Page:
Lesson Two – God’s Prodigal Children

God’s Prodigal Children

Lesson Aim:  To show how God used the faithful Jews to evangelize those who were lost and that all people are equally important to God.


In our last lesson we learned “One like the son of man was coming” during the Roman Empire.  This had reference to Jesus Christ who was to be given the rule over God’s kingdom.  From the following prophecies we learn He would rule over all people and not the Israelites only.

And to Him was given dominion, glory and a kingdom that all the peoples, nations, and men of every language might serve Him.  His dominion is an everlasting dominion which will not pass away; and His kingdom is one which will not be destroyed.  Dan. 7:14

The other people are the Gentiles.  The inclusion of the Gentiles with the Jews is not a new thought for in the Genesis account we read, “And to Him shall be the obedience of the peoples.”  Gen. 49:10.  Daniel said, “The stone that struck the statue became a great mountain and filled the whole earth.”  Dan. 2:35.  The Gentiles have always represented the greatest number of the people on earth.  In this lesson we will view the Jew and Gentile in their proper perspective from the standpoint of God’s eternal kingdom.


Yet the number of the sons of Israel will be like the sand of the sea, which cannot be measured or numbered; and it will come about that, in the place where it is said to them, “you are not My people,” it will be said to them, “You are the sons of the living God.”  Hos. 1:10

The Apostle Paul commented on Hosea’s prophecy in his letter to the Roman church.  He assured the Gentile Christians that, although they were once not God’s people, they were now sons of God (Rom. 9:24-26).  However, he gave the following dismal view of the role of the Gentiles in the Old Testament story.

Remember that you were at that time separate from Christ, excluded from the commonwealth of Israel, and strangers to the covenants of promise, having no hope and without God in the world.  Eph. 2:12

As Paul said, the Gentiles did not have much going for themselves during the two thousand years from Abraham to Christ.  Most of them had given up God for idols; however, some were saved because they lived by instinct and kept the law of life (Rom. 2:14).  In this way they fulfilled the requirements of the Law of Moses (Rom. 2:26).  Some Gentiles evidently became Jewish proselytes by subjecting themselves to the Law (Matt. 23:15; Acts 2:10).  Also, there were men like Jethro, Moses’ father-in-law, who were accepted by God although they were not Israelites (Ex. 18:1).  Cornelius, a Gentile and Roman soldier, prayed and God answered his prayers (Acts 10:1-3).  Still most were without hope; however, during all this time God was working His plan to have them for His children.  According to the following scripture, He was using Israel to keep His name before the nations.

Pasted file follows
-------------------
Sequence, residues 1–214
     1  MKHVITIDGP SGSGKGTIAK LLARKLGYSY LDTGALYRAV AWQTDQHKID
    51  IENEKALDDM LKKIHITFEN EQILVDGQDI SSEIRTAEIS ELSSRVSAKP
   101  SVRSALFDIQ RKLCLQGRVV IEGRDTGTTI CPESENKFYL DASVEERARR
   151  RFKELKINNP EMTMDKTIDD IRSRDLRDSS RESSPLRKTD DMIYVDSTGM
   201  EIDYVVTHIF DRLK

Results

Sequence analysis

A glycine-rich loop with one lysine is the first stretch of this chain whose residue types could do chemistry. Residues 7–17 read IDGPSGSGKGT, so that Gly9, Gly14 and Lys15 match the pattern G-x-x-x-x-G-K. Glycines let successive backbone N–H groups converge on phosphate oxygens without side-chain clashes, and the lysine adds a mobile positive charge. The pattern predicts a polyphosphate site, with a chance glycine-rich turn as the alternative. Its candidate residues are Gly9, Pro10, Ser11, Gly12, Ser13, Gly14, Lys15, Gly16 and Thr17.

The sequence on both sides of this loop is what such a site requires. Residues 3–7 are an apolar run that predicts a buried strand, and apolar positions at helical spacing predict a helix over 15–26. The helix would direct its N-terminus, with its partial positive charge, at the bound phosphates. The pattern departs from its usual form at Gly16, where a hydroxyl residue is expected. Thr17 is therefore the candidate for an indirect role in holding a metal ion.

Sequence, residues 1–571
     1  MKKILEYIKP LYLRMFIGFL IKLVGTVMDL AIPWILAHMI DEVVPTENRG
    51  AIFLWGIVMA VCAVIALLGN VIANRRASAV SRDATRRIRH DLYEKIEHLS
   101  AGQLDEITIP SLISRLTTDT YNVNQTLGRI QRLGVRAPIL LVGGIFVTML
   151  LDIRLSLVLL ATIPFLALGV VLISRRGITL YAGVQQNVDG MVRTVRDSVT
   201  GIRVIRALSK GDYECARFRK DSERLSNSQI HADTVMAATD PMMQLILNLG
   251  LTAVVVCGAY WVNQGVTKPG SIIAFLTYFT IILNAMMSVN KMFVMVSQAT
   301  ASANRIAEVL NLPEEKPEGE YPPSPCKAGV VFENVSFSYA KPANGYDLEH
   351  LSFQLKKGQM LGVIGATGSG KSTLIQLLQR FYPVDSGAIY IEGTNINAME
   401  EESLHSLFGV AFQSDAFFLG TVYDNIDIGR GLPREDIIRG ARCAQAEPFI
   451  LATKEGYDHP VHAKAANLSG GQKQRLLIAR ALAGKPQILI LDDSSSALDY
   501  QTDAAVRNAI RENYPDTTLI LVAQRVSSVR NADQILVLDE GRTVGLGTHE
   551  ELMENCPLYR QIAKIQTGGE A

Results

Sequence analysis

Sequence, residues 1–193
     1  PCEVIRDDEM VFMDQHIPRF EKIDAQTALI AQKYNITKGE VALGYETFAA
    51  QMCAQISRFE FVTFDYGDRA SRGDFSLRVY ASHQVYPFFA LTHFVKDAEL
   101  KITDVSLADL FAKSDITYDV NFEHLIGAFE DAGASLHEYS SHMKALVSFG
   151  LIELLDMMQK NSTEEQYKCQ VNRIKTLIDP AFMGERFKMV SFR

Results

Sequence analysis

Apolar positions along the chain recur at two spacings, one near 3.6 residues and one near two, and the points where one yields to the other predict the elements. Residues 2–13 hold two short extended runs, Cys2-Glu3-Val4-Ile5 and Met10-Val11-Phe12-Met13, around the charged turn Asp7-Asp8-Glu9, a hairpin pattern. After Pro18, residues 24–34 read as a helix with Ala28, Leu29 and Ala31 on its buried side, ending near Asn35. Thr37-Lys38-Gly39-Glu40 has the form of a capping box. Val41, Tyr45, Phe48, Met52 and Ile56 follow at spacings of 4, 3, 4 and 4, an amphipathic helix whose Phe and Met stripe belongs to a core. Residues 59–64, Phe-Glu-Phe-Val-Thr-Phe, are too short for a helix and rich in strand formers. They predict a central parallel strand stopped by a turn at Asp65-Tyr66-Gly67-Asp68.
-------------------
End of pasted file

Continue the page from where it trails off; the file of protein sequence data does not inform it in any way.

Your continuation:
‘For from the rising of the sun, even to its setting, My name will be great among the nations, and in every place incense is going to be offered to My name, and a grain offering that is pure; for My name will be great among the nation’, says the Lord of hosts.  Mal. 1:11

God’s very nature demanded that He work out a plan for all people on earth.  Paul declared, “For there is no partiality with God.”  And James added, “Neither is there any variation, or shifting shadow.”  Rom. 2:11; James 1:17.  If God, as Peter said, “Is not wishing for any to perish but for all to come to repentance,” then He was unhappy about the Gentiles when they were without hope (II Pet. 3:9).  Their situation at that time had happened because of their own degradation.  God was planning to help them overcome their problems.  With the foregoing thoughts in mind we will have a true perspective of the Israelites’ and Gentiles’ relationship to God’s kingdom.

By way of review, when Noah and his family walked off the ark, God was dealing with all His people on earth on the same spiritual level.  About five hundred years later He declared Abraham’s seed through Isaac and Jacob were His children.  What happened to the rest?  They gave up their Creator; consequently, God gave them up (Rom. 1:21).  He gave them up until they accepted their role as sons of God; therefore, the role of the Gentiles from Abraham until Christ can be classified as prodigal sons.  However, it is not difficult to see that when God called Abraham, He had the Gentiles in mind.  He said to Abraham, “all the families of the earth shall be blessed.”  Gen. 12:3According to Isaiah, Israel would become a light in God’s evangelism plan to bring back His prodigal sons (Isa. 42:6).

He says, “It is too small a thing that you should be My servant to raise up the tribes of Jacob, and to restore the preserved ones of Israel; I will also make you a light of the nations so that My salvation may reach to the end of the earth.  Isa. 49:6

The kingdom prophesied by Daniel must include the Gentiles; otherwise, we Gentiles are left out.  God did not leave us out because Isaiah was very definite about our inclusion in the following prophecy:

Then it will come about in that day that the nations will resort to the root of Jesse, who will stand as a signal for the peoples; and His resting place will be glorious.  Isa. 11:10